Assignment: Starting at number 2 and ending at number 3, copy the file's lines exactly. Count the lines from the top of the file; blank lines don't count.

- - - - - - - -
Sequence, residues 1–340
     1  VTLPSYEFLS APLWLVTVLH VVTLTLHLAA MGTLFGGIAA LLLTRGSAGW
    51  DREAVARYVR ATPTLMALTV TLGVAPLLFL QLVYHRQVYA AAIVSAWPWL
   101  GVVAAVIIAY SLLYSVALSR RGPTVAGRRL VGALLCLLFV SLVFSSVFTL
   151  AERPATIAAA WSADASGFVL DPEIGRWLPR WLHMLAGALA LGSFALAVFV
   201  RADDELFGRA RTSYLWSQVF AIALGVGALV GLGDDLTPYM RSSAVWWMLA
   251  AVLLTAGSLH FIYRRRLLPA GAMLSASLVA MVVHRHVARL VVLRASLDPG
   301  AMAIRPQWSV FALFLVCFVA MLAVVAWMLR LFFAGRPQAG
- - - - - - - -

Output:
     1  VTLPSYEFLS APLWLVTVLH VVTLTLHLAA MGTLFGGIAA LLLTRGSAGW
    51  DREAVARYVR ATPTLMALTV TLGVAPLLFL QLVYHRQVYA AAIVSAWPWL